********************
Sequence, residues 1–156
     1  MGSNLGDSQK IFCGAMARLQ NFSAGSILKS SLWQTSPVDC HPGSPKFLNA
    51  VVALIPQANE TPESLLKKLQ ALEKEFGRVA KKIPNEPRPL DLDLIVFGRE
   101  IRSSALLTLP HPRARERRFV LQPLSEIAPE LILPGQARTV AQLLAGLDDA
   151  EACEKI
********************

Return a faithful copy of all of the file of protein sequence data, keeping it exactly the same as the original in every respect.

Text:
Sequence, residues 1–156
     1  MGSNLGDSQK IFCGAMARLQ NFSAGSILKS SLWQTSPVDC HPGSPKFLNA
    51  VVALIPQANE TPESLLKKLQ ALEKEFGRVA KKIPNEPRPL DLDLIVFGRE
   101  IRSSALLTLP HPRARERRFV LQPLSEIAPE LILPGQARTV AQLLAGLDDA
   151  EACEKI